Michael and his friends desire to resemble and reflect God’s overflowing goodness, and so they long to transmit and impart this goodness to all of creation and especially to men. And why to men, you might ask? Because as ***** says, when they look upon us, they behold themselves beneath themselves. (Idem) So in us they see that spiritual potentiality and capacity that with them can know, adore, love, and serve God. In us they find another self – a friend, brother, sister, fellow child of God whom they long to aid, assist, and associate with the motions of God’s Word, even Jesus Christ our Saviour. And so their prayers and praises always surround us, to include us in their unending desire and longing for our salvation. They have always been one with God, and it is into this unity that they passionately pray we might find our rest and home at last.
Their knowledge and love of God moves them into greater service when the Word of God will reverse man’s Fall in the Incarnation. Gabriel the Archangel foretells John Baptist’s birth to Zachariah. (Luke i. 13) He defines Joseph’s role as Foster-father to the Messiah. He calls Mary to become the Mother of the Word made Flesh: Hail thou that art highly favoured, the Lord is with thee…. Fear not,... the power of the Highest shall overshadow thee: therefore also that holy thing which shall be born of thee shall be called the Son of God. (St. Luke i. 28, 30, 35) When the child is born, the heavens open with a multitude of the heavenly [angelic] host praising God, and saying, Glory to God in the highest, and on earth peace, good will toward men. (St. Luke ii. 13) Then with Gabriel’s warning the Holy Family flees Herod’s murderous wrath. Much later, after their old friend Lucifer tries and fails to tempt Jesus in the desert, the angels came and ministered unto Him. (St. Matthew iv. 11) And prior to His passion and death, St. Luke tells that when His human nature felt its powerlessness to perform the task that lay ahead, he said, Father, if thou be willing, remove this cup from me: nevertheless not my will, but thine, be done… [and] there appeared an angel unto him from heaven, strengthening him. (St. Luke xxii. 41-43) At the Crucifixion, the angels can do nothing. They are silenced with all creation into wonder and awe at the unimaginable need for this Word made Flesh to die. G.K. Chesterton reminds us that they stand at attention ready to do battle for their Lord, but must look on and learn what Christ’s Love alone must do to bring man home to God.
Seeing Him fallen where thou couldst not follow,
Seeing Him mounted where thou couldst not fly,
Hand on the hilt, thou hast halted all thy legions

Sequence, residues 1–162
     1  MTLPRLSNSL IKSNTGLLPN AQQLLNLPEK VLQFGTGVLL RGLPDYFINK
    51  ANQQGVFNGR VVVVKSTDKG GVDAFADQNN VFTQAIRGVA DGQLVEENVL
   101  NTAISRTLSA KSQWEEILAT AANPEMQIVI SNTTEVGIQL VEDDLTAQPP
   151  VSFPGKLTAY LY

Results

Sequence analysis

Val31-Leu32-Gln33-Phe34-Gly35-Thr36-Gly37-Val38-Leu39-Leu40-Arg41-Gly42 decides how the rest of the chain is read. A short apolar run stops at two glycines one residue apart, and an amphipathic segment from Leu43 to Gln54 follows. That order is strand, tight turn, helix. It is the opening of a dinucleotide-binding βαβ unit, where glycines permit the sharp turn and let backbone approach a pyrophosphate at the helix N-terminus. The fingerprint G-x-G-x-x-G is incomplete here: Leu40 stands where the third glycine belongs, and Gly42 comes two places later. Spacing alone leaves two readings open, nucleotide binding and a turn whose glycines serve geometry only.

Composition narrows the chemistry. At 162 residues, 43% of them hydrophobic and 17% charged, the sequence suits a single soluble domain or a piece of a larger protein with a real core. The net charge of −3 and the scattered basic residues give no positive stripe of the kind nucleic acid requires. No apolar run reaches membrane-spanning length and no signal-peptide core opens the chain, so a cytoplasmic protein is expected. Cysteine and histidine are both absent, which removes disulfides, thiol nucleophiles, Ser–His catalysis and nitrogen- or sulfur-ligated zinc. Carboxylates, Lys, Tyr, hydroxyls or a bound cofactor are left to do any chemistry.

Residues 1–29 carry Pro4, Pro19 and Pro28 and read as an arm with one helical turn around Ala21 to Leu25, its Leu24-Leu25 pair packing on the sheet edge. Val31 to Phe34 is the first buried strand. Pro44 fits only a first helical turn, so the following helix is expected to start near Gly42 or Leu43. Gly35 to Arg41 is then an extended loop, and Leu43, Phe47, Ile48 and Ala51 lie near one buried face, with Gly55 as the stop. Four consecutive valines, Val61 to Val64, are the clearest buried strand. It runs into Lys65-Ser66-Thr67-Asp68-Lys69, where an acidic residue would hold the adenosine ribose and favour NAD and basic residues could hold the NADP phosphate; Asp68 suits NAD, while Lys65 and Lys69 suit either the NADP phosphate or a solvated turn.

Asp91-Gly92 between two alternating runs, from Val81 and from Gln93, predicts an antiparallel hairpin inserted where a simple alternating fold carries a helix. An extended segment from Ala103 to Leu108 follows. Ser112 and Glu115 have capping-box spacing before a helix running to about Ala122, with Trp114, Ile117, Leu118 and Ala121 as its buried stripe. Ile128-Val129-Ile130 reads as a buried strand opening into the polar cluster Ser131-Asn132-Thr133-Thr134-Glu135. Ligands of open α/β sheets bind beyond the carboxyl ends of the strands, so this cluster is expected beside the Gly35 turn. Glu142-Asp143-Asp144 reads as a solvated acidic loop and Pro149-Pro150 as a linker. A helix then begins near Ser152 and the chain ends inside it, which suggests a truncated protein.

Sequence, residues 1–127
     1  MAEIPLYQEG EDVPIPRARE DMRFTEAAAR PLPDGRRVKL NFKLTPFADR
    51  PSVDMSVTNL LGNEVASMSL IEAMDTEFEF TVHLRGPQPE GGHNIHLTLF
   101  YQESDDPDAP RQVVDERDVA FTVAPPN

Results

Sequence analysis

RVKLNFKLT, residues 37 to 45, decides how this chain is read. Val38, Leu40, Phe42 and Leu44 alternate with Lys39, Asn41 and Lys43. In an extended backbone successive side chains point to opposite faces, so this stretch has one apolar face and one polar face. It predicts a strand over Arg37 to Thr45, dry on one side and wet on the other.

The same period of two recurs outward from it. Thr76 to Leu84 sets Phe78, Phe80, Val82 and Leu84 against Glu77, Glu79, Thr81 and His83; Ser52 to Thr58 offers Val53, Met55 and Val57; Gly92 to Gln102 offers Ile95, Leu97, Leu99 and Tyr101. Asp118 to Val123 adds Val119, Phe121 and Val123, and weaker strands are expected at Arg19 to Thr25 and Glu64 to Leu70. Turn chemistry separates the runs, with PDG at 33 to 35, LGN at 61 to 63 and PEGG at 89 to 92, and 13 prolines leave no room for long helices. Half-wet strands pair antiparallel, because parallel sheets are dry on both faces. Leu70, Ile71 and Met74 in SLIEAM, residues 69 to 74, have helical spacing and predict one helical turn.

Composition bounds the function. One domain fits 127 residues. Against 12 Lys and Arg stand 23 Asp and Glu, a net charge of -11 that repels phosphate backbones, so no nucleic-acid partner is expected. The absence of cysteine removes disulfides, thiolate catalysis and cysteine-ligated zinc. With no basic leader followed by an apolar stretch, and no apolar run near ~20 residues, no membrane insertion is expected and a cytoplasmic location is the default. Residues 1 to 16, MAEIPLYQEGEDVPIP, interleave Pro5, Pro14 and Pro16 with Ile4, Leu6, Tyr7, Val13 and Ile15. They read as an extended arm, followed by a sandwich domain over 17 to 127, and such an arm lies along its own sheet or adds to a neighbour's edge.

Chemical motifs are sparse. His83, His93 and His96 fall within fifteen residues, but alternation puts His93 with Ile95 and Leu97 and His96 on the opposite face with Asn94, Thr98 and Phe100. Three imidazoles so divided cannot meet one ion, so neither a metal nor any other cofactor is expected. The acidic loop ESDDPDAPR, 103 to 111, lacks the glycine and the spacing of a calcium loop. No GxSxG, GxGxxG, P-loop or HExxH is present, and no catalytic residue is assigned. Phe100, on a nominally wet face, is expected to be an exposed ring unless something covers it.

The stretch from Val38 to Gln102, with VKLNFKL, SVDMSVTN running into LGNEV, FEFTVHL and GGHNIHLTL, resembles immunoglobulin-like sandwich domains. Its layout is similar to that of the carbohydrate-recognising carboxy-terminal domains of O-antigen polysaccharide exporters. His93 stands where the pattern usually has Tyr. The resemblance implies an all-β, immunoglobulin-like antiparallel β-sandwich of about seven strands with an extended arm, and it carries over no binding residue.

Waiting the [It is finished] and the acclaim…
St. Michael and his friends come to learn that the Crucifixion involves warfare beyond their strength which the Son of God alone can fight and win in order to free man from the bad angels and reconcile him to God. They return to active duty revealing the truth of the Resurrection to those who believe. One of them rolled away the stone from the entrance to the tomb, and said unto the women, Fear not ye: for I know that ye seek Jesus, which was crucified. He is not here: for He is risen…. (St. Matthew xxviii. 3-6) With Christ’s Ascension they understand the nature and meaning of the new life Christ died to unleash and discharge, and so they ask, Ye men of Galilee, why stand ye gazing up into heaven? This same Jesus, which is taken up from you into heaven, shall so come in like manner as ye have seen Him go into heaven. (Acts i. 11) And so the angels will forever thereafter assist Peter, Paul, and all faithful others who long to become the sons and daughters of our Heavenly Father.
The Pseudo-Dionysius, a 6th Century Syrian monk, tells us that St. Michael and All Angels have three functions. They carry purification, illumination, and unification to us. (Hier. Coel. ix. 2, op. cit. Danielou; The Angels and Their Mission) What they bear to us from Jesus is the purification of our bodies, the illumination of our souls, and the Spirit’s new desire for our unity with God. If we pray for their protection and defense, they will surround us, make a safe place for Jesus’ sanctification of our souls, and carry the gifts of His love into our lives. As the first offspring of God, they long without ceasing that we should become their brothers and sisters, as God’s will that is done in the Heaven for them, might be done in like manner on earth in us. And so it is with great thanksgiving that on this day we sing with Edmund Spenser:
…O the exceeding grace
Of highest God, that loves his creatures so,
And all his works with mercy doth embrace,
That blessed Angels, he sends to and fro…
How oft do they, their silver bowers leave,
To come to succour vs, that succour want?
How oft do they with golden pineons, cleave
The flitting skies, like flying Pursuivant,
Against foul fiends to aide us millitant?
They for vs fight, they watch and dewly ward,
And their bright Squadrons round about vs plant,
And all for love, and nothing for reward… (Fairy Queen, ii. viii)
St. Michael and All Angels Sermons: